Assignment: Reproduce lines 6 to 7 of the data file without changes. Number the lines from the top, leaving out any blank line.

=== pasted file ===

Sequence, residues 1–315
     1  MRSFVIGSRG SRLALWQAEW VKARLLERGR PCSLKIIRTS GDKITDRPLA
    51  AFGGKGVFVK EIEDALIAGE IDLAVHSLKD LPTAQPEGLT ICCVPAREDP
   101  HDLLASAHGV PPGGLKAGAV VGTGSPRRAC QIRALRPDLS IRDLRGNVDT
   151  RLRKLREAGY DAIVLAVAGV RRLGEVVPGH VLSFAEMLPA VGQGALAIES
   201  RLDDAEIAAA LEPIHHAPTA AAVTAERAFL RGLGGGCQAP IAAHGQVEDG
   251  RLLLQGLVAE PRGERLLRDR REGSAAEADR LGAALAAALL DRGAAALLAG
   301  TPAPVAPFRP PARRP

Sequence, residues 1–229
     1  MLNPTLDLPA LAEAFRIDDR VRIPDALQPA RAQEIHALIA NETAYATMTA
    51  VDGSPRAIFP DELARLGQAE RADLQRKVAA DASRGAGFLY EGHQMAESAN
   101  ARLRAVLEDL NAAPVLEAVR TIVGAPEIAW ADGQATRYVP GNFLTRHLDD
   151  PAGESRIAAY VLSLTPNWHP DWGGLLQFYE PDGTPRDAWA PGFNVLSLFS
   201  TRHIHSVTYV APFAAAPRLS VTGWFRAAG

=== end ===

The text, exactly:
   201  RLDDAEIAAA LEPIHHAPTA AAVTAERAFL RGLGGGCQAP IAAHGQVEDG
   251  RLLLQGLVAE PRGERLLRDR REGSAAEADR LGAALAAALL DRGAAALLAG